Lending his signature dazzle to Obama’s re-election campaign, the two-term former president told the Democratic convention that he believed “with all my heart” that the 44th President had led a remarkable, if incomplete, revival.
Speaking directly to an electorate that remains deeply split with fewer that nine weeks to go until the November election he argued that Obama had overcome a formidable array of challenges.
“No president, no president — not me or any of my predecessors, no one could have fully repaired all the damage he found in just four years.
“He has laid the foundations for a new modern successful economy of shared prosperity and if you ever need the president’s contract: You will feel it. You will feel it folks,” said Clinton, his distinctive drawl made hoarser still by a scratchy throat.
“Folks, whether the American people believe what I said or not may be the whole election, I just want you to know that I believe it,” Clinton said, his voice faltering slightly, “with all my heart I believe it.”
After holding 15,000 of the Democratic faithful in Charlotte, North Carolina enthralled for over 45 minutes, Clinton was joined on stage by a smiling and energized Obama, leading to frenzied applause.
The Democratic standard bearers, once estranged by intra-party politics, united in an on-stage embrace that was symbolic of renewed joint purpose to defeat their Republican rivals on November 6.
Obama will address the convention on Thursday at the same venue.
The campaign cancelled plans for the president to give his nomination speech Thursday in a vast outdoor American football stadium, in which they had hoped to recreate the celebratory atmosphere of his 2008 convention address.
Officials said they could not risk thunder and lightning disrupting the event, Obama’s best unfiltered chance to take his case to voters before the November 6 election, and moved the big set piece inside.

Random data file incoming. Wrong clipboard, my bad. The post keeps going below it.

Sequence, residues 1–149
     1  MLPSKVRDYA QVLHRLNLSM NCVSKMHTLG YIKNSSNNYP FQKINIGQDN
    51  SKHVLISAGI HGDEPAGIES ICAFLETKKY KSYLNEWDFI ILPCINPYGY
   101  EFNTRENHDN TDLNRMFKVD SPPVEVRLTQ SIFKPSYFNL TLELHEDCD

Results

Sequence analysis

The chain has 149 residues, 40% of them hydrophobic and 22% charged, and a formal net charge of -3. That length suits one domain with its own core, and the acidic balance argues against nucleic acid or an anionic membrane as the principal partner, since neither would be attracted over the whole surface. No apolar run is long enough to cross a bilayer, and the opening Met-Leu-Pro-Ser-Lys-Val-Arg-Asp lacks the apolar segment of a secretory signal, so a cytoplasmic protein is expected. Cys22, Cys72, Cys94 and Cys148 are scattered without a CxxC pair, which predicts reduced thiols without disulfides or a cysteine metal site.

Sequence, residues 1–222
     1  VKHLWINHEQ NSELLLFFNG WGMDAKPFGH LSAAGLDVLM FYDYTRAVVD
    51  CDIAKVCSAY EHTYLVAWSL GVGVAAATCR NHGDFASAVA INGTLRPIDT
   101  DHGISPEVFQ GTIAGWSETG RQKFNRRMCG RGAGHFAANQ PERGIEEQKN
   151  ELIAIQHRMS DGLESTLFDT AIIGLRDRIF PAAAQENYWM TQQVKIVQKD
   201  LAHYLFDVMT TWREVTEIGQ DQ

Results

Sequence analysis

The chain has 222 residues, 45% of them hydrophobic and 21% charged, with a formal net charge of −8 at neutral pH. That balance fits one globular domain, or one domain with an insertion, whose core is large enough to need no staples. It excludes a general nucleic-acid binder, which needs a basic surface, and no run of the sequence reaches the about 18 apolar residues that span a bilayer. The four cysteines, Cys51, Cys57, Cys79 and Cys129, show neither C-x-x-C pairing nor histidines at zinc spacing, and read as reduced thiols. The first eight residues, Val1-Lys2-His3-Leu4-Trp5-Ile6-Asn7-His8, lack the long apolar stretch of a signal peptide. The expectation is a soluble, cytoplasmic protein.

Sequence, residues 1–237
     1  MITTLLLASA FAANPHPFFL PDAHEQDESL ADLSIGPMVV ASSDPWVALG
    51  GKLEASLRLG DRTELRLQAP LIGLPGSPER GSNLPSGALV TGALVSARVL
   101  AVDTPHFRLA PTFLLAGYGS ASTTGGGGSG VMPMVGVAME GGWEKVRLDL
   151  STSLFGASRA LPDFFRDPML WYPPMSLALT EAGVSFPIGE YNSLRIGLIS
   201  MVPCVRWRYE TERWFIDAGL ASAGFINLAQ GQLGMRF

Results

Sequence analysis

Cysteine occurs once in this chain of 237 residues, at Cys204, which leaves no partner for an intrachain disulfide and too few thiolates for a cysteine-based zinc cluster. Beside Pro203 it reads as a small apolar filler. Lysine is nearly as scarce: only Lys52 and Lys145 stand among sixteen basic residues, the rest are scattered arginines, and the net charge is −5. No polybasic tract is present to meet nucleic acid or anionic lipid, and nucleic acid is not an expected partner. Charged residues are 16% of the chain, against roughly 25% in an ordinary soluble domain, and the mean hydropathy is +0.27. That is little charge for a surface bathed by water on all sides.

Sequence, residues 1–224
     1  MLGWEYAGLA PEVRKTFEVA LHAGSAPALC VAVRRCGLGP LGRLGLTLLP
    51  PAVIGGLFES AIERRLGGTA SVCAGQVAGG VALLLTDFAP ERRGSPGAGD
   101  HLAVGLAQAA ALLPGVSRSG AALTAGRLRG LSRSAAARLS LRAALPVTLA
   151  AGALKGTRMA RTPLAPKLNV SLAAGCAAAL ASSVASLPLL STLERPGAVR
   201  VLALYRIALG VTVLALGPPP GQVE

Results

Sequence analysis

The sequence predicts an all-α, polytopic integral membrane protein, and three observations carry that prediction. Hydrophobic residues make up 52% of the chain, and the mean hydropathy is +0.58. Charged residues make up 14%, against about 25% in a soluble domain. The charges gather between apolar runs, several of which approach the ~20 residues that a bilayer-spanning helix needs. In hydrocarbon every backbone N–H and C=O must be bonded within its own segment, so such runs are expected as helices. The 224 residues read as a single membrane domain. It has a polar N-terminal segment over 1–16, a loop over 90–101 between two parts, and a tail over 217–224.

Setting the context for that address, Clinton, president between 1993 and 2001, offered a point-by-point rebuttal of the policies of Obama’s rival Mitt Romney.
He decried the Republican’s creation of an “alternative universe,” to laughs.
“The most important question is, what kind of country do you want to live in?” he asked.
“If you want a you’re-on-your-own, winner-take-all society, you should support the Republican ticket.
Clinton also tried to give some empirical weight to the great ideological tussle over economic policy that has come to define this election cycle.
“Well, since 1961, for 52 years now, the Republicans have held the White House 28 years, the Democrats, 24. In those 52 years, our private economy has produced 66 million private sector jobs.
“So what’s the job score? Republicans, 24 million; Democrats, 42,” he said to cheers.
Clinton, as popular now as when he was inaugurated in 1993 — he hit 66 percent approval in a recent CNN poll — retains a hold over American voters.
His economic pitch was seen as a hard sell to many Americans still feeling the effects of the “Great Recession,” but Democrats said he was just the man to appeal to white, working-class men in swing states.
“He’s able to reach out with his charisma to people who will not listen to President Barack Obama if for no other reason than his color,” Jonice Crawford Butler, a Democratic volunteer in her 60s from Michigan, told AFP.
National polls put the rivals neck-and-neck, but a closer inspection of swing states reveals that Romney has his work cut out, especially as the bounce he was hoping for from last week’s Republican convention has failed to materialize.
Earlier Clinton formally nominated Obama as the Democratic Party’s presidential candidate.
“I want to nominate a man who’s cool on the outside — but who burns for America on the inside.”
“I want a man who believes with no doubt that we can build a new American Dream economy,” Clinton said.
“After last night, I want a man who had the good sense to marry Michelle Obama,” Clinton joked, drawing cheers and smiles from the First Lady watching from a box the night after her own rousing convention speech.
In a roll call Democrats from all 50 states one-by-one announced their support for Obama, officially handing him the party nomination.